Long before American Paralympian Kristin Duquette became disabled, when she was 6 years old she had a dream – to one day become an Olympic swimmer. Growing up near the ocean in East Hartford, Connecticut, Kristin loved to swim, but her dream was in danger when she was diagnosed with Muscular Dystrophy at age 9.
Kristin however refused to look at her diagnosis as the nail in the coffin to her swimming career. Despite doctors telling her to not swim to preserve her muscle strength (she was diagnosed with a form of Muscular Dystrophy that is progressive), she went back into swimming and shocked everyone by showing it’s possible you can get a stronger through training even with progressive muscular dystrophy.
Read on for Kristin’s awesome story of perseverance, athleticism and her new passion that was ignited while studying at Trinity college – her commitment to making disability rights a true human rights issue.
Why she’s fearless
When you’re diagnosed with a severe disability like Kristin was, it can challenge your entire world view. Kristin however has taken her disability in stride and has committed herself to staying involved in what she loves the most – swimming – as well as utilizing her college degree to help many people with disabilities as possible.
It was in her teens when she racked up all of her impressive wins at adapted swimming – she’s a 5x American Paralympic Record Holder, the former US Team Captain for the 2010 Greek Open and 3x Junior National Record Holder in swimming. And while she didn’t achieve her goal of making the U.S. swim team in the 2012 London Paralympics, she’s committed to having another shot at the Paralympics in Rio De Janeiro.
Kristin is also a ’13 grad of Trinity College, and she received a BA in Human Rights. While studying here, Kristin created a very cool event called, “A Day In a Wheelchair,” where they try to recruit as many able bodied people as possible to take part, spending 12 straight hours in a wheelchair (oooh hard!).
A lot of people love this event. 2013 was their most successful yet, with even the president of their college taking part. The purpose of the event btw – so people understand our plight. Her event has become such a hit that the Clinton Global Initiative in St. Louis had Kristin come out last April to host their very own “A Day in a Wheelchair” event. Watch Trinity’s 2013 “A Day In a Wheelchair”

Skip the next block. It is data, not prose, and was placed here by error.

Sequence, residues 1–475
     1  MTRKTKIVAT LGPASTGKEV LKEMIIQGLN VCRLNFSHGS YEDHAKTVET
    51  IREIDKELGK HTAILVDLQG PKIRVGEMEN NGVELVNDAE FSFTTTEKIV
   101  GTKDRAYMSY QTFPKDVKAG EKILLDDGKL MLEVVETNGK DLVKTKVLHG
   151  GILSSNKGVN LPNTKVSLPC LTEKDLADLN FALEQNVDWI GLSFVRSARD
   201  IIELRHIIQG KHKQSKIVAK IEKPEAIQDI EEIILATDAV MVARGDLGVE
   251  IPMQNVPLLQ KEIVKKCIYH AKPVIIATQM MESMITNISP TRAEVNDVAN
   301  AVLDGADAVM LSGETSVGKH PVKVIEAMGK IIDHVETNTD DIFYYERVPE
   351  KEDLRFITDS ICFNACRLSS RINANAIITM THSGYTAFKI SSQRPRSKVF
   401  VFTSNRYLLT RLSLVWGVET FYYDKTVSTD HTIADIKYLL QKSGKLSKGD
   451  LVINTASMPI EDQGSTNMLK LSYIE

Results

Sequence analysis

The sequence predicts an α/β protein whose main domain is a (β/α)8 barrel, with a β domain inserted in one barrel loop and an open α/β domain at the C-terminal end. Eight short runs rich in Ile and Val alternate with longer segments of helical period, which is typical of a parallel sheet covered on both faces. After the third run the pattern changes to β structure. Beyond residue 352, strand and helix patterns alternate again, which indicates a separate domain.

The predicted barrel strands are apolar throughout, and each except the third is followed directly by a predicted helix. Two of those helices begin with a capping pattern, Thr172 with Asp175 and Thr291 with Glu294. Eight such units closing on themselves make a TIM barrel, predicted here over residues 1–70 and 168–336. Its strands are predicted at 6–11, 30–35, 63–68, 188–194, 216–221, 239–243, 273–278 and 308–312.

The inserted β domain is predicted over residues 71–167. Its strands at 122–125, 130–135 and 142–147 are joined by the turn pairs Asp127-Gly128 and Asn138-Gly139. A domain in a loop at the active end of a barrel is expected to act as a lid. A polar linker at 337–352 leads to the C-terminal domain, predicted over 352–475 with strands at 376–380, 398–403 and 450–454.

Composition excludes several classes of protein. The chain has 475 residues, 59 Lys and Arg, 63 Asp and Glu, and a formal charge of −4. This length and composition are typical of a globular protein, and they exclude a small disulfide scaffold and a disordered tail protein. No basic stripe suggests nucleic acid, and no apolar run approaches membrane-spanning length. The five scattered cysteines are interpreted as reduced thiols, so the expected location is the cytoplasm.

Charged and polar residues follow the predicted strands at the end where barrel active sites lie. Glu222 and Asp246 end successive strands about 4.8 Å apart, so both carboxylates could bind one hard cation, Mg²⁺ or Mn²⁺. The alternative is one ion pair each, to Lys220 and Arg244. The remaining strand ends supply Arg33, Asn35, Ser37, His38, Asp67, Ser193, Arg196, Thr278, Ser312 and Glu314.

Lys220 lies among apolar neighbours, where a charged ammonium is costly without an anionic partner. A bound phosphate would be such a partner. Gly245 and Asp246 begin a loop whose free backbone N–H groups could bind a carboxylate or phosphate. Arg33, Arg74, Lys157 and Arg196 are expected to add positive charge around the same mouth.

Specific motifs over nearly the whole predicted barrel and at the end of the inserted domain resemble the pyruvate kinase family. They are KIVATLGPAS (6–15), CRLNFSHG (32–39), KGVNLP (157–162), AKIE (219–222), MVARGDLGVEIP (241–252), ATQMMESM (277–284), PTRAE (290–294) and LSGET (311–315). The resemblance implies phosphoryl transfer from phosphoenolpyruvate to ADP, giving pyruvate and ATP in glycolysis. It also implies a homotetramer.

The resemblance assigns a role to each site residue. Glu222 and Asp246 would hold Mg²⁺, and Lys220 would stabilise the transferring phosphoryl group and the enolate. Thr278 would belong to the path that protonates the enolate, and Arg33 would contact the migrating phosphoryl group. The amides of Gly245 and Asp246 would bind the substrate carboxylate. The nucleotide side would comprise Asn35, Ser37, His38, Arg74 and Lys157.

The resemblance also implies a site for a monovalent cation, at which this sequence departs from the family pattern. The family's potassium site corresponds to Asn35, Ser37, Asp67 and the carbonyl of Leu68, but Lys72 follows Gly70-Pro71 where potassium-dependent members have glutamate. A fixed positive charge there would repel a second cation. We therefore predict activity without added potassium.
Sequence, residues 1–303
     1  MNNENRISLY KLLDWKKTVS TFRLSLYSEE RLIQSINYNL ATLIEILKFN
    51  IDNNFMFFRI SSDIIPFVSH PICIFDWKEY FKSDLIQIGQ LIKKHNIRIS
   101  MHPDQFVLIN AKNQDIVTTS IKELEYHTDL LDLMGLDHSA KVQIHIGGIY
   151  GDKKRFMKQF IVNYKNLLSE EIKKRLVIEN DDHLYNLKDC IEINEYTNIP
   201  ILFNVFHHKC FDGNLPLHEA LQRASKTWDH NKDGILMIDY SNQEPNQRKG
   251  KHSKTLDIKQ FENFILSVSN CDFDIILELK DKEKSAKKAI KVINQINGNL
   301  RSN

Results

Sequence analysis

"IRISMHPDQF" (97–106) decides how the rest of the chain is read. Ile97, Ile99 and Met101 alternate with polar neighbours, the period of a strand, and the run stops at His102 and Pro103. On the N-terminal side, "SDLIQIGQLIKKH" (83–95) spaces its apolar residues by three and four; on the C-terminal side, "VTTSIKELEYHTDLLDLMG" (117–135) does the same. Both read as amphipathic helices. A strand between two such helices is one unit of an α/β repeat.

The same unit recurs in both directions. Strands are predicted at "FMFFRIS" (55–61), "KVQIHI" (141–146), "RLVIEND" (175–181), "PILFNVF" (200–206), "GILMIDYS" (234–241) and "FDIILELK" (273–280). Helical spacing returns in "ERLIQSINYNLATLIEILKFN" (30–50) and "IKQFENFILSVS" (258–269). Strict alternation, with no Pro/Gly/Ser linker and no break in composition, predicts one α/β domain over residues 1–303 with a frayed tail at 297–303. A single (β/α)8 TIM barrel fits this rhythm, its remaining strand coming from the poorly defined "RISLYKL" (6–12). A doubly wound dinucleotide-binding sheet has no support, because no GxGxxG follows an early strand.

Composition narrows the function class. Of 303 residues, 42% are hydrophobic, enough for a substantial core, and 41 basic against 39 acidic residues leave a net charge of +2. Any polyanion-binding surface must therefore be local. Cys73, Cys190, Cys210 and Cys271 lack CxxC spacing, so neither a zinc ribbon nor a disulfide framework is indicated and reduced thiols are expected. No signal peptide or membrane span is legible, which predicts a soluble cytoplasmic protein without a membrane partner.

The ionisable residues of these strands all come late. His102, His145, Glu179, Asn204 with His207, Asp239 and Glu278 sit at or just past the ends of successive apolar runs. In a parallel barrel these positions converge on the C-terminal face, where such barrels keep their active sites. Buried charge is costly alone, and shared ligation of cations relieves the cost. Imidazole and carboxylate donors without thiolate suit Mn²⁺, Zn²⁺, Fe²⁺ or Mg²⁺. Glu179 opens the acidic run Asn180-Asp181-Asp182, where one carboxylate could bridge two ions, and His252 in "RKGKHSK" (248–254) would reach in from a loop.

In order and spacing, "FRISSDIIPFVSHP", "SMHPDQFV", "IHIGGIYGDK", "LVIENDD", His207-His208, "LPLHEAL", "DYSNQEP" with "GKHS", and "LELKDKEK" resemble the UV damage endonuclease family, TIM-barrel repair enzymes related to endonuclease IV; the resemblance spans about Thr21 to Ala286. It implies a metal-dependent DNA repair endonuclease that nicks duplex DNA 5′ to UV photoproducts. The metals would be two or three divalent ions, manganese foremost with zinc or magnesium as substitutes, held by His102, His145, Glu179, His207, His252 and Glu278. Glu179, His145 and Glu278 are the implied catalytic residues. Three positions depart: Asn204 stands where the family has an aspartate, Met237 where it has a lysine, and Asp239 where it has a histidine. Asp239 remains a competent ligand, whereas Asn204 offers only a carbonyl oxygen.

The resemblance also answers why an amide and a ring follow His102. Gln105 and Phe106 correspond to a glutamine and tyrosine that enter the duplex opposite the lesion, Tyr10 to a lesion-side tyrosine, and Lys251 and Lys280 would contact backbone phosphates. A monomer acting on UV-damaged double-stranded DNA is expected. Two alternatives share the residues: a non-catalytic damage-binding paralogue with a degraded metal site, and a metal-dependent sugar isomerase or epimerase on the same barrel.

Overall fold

After graduating, Kristin snagged one of the coolest internships ever for anyone with a disability, working with the American Association of People with Disabilities, an organization that helps people here with disabilities and not only in the United States but in the rest of the world. Her internship took place in Washington, DC, allowing her to take part in other exciting events randomly, such as human rights protests.
And just last fall, Kristin, who’s also a blogger for The Huffington Post, was asked to travel to South Africa on behalf of the Academic Council on the United Nations System. She asked a question to Kofi Annan on about economic differences and unemployment for people with disabilities. She of course blogged for The Huffington Post while she was there too.
At only 22 years old, Kristin is unstoppable. A concert violinist and a surfer, she’s also one of the newest board members for the Ryan Martin Foundation and is a speaker with a growing fan base, scheduled to speak at the Young Healthy Athletes Conference in 2014.
Kristin may not have made the London Paralympic team in 2012, but who cares. Now focusing on open swims and triathlons, it’s all about the future baby. And while she doesn’t know what the future holds for her when it comes to her disability, Kristin has perfected the art of making the most of what she has, and that is something that makes her a true superstar.
Visit her site: KristinDuquette.com
How have you helped the plight of people with disabilities since becoming disabled? What have you learned from Kristin Duquette?
Watch the videos!